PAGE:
Spring has arrived on the Central Coast, and we’re quickly moving toward the summer season. This change in temperature and overall weather conditions means that it’s time to start taking a look at our horse’s “Summer Wardrobe”.
You may have already noticed flies beginning to buzz around the barn, and, if you’re like me, you’ve already mixed your second or third bottle of fly spray. This is the time of year to start taking a look at your horse’s comfort and health in terms of those flying pests, which usually begins with the fly sheet. I am a big believer in a good fly sheet for horses in most circumstances – even pasture horses (who aren’t too tough on their blankets) can stand to wear a fly sheet.
So, what should you consider when looking for a fly sheet? For me, there are 3 main points: 1. The tightness of the weave, 2. Coverage, and 3. Durability. A tighter weaved sheet will provide more protection from flying insects, as well as a bit of UV protection from the sun. When it comes to coverage, I like something with a “belly band”, because flies tend to like to congregate on the underside of our horses, and when it comes to durability, the answer is obvious…get something that will last as long as possible. Here are two great options:
The Weatherbeeta Airflow Detach-A-Neck Belly Wrap Sheet is a great option; I personally own one that has made it through 2 seasons and multiple washings. There are shoulder gussets for free movement, and the shoulders are also lined to prevent rubbing. The long “freestyle” tail flap provides good coverage and still allows the horse use of his tail, and the belly band is fantastic. This blanket can be used with a “neck hood” for extra protection.
The Amigo Bug Buster No-Fly Zone Fly Sheet is also a great option. This sheet gives the added bonus of UV sun protection with its slightly reflective surface, and also provides a “free fit” to allow for movement. The belly band gives really great coverage and the tail flap is extra long. I have owned one of these sheets and it stood up well in a stall/run environment, and does have the “neck cover” option.
Leg Wraps and Fly Masks
Want to go a little further with your horse’s protection from biting insects? Get yourself a pair of leg wraps and a good fly mask. These two products are becoming much more widely used, and it seems as though half of the horses at my barn are already sporting theirs. Just remember, as with anything, leg protection and fly masks must be removed and cleaned regularly to prevent skin injury. Here are a couple of good options:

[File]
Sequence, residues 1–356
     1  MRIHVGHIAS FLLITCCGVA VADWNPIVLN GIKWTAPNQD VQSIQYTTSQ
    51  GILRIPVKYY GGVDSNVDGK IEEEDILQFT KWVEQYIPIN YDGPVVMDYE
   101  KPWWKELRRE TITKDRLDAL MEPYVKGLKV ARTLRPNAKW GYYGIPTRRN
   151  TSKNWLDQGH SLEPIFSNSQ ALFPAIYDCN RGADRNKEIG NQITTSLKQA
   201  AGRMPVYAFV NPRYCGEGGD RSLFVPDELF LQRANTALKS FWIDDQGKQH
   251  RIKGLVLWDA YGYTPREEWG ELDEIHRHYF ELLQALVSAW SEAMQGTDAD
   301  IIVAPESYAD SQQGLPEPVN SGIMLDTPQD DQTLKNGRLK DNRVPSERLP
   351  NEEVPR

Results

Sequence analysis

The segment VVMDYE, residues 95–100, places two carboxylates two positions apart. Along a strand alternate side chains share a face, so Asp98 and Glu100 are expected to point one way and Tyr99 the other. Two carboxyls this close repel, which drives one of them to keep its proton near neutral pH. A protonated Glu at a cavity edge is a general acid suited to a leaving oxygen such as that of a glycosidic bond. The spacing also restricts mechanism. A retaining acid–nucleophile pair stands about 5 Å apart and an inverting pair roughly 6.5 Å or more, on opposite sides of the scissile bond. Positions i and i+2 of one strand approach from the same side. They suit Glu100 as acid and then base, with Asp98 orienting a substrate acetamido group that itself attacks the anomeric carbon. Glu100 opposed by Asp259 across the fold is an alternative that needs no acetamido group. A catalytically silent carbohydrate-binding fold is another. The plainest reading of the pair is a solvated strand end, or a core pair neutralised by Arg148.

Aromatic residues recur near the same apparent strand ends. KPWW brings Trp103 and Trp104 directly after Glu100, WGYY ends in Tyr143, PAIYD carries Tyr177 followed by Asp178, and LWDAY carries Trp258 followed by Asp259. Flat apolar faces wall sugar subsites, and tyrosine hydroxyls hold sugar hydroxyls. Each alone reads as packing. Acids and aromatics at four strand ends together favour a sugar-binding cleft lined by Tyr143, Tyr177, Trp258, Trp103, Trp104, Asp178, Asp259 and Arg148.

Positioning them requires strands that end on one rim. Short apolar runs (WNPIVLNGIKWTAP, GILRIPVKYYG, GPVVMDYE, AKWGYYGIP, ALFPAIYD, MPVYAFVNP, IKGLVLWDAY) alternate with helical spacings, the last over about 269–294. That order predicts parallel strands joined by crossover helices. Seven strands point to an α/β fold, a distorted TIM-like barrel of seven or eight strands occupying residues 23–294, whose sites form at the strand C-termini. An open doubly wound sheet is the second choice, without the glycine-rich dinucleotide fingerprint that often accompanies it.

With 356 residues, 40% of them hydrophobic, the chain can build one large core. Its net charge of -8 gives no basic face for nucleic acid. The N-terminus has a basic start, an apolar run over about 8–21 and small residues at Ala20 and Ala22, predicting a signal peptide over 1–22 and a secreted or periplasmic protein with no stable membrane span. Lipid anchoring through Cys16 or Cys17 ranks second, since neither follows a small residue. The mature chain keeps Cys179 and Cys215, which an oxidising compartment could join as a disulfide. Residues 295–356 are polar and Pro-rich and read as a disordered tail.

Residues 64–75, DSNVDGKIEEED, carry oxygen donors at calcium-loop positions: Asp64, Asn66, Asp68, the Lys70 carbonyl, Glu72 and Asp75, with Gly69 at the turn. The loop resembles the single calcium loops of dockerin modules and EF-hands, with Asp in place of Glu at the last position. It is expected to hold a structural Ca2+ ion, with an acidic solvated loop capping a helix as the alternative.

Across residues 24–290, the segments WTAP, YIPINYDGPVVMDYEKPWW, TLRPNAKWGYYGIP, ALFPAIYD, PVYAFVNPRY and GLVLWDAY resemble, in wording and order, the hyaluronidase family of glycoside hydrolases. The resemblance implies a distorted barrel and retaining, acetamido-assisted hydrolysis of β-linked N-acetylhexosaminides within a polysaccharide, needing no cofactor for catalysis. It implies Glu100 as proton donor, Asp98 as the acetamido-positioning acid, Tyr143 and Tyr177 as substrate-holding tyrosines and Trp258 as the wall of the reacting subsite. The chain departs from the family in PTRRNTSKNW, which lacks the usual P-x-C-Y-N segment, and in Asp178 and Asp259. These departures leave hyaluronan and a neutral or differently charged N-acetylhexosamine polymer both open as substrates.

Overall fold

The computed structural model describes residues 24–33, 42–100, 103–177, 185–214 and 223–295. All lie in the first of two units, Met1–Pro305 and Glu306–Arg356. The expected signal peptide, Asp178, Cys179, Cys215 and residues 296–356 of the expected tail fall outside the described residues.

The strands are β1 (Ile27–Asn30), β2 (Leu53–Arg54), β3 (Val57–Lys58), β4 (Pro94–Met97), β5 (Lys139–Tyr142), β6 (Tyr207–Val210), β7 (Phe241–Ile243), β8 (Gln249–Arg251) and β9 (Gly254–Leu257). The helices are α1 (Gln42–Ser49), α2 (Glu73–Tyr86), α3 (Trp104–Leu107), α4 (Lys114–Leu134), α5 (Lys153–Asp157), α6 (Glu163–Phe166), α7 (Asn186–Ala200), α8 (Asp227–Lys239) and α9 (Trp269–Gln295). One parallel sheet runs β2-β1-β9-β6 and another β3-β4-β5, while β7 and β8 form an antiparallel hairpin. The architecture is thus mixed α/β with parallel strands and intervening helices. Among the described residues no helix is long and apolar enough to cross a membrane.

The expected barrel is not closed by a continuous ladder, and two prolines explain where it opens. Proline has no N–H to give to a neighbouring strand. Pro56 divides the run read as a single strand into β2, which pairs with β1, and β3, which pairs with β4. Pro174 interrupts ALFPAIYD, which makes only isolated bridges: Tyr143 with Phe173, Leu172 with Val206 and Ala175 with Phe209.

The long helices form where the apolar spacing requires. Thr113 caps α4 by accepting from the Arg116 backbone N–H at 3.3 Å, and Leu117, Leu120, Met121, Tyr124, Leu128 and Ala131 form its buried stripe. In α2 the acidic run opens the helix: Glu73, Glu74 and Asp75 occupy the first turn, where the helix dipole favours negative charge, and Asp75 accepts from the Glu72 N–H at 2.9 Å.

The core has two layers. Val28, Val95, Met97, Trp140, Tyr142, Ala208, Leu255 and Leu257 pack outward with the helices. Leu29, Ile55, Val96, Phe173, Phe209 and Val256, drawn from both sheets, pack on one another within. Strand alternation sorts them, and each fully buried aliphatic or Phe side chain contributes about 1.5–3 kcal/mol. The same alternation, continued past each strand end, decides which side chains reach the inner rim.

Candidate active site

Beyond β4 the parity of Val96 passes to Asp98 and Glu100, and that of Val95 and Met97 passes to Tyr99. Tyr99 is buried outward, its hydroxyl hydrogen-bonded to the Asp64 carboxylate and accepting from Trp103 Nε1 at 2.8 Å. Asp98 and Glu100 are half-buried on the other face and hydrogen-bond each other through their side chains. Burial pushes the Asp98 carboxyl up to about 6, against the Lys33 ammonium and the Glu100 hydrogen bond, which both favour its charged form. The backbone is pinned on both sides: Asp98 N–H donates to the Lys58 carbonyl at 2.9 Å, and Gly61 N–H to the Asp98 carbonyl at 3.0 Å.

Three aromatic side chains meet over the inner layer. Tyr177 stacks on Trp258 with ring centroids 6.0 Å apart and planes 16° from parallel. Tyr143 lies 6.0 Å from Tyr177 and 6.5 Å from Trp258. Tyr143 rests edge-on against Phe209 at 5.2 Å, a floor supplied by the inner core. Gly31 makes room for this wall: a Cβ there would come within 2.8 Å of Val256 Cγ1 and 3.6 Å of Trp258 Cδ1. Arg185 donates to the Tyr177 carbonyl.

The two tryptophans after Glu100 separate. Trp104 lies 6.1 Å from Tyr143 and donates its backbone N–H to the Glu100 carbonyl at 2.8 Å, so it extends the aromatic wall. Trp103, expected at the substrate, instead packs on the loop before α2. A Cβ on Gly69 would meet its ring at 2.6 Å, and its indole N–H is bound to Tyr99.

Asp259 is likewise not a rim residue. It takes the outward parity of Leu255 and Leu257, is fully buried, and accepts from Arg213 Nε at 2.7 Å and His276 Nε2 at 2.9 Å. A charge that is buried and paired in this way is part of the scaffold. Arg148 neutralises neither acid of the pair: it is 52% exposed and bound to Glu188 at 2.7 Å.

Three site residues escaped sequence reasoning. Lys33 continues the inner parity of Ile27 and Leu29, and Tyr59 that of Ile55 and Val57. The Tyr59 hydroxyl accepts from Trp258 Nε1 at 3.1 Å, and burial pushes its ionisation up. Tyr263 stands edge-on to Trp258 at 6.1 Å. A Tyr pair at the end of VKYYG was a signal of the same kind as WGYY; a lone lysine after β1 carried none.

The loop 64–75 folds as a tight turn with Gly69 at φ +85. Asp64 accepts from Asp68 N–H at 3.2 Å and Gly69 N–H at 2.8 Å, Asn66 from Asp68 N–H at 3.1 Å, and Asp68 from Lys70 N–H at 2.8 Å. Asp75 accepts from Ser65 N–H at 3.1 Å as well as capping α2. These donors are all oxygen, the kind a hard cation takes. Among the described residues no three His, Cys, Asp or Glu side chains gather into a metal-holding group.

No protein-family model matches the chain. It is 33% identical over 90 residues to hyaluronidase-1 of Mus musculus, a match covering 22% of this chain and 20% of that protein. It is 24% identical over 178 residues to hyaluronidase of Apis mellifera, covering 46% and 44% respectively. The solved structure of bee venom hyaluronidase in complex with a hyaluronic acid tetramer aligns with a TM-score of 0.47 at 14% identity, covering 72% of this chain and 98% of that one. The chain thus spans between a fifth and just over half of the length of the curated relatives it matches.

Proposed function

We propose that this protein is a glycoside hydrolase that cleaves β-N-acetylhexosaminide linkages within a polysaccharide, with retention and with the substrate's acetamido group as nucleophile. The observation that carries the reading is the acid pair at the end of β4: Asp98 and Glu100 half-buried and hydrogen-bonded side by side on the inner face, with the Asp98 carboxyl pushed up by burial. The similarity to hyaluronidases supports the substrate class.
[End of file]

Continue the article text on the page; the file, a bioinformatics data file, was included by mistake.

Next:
The Kensington Signature Protective Leg Wrap Fly Boots are a good and extremely durable option when it comes to protecting your horse’s legs from biting insects. They have a very rugged design, and are comfortable for the horse to wear for longer periods of time. They also come in a variety of great colors!
The Kool Coat UV Blocking Fly Mask is a relatively new product, but has received great reviews. This mask offers a unique design that is soft and flexible, adjustable, and offers the added bonus of ear protection. One of the most interesting parts about this mask is the “eye holes”, which are covered with a very fine mesh that helps with airflow and provides nearly unimpaired vision. This mask gets my vote for this year.
Here on the Central Coast, we are blessed with relatively mild weather conditions – it’s not too hot for your horse to wear a functional and breathable “day sheet” almost all year round. For those of us with show horses, whose coats have to be kept a little cleaner and more protected, a “summer sheet” is often a better option than a fly sheet. Here are a couple of good options:
The Kool Coat Classic UV Blocking Sheet is a “go-to” when it comes to a good sheet for those warmer days. The material is extremely breathable while maintaining 70% UV protection for the coat – that means no more sun bleaching! This sheet also offers a great design that fits almost every horse that I have used it on without rubbing, chaffing or excessive “damage”.
The TuffRider Plaid Day Sheet has been my favorite blanket for the last few years…I’ve used it in the summer, at horse shows, and even in the “non-rainy” winter evenings when just a little bit of extra protection is needed. My sheet has made it successfully through 3 seasons now, which is really amazing! I plan to purchase another one this year.
Hopefully this article has given you a little “food for thought” when it comes to your horse’s summer wardrobe. Currently, our local Riding Warehouse is having some great sales and has everything you’ll need to outfit your horse for the summer. So, don’t waste time, and get your horse outfitted today!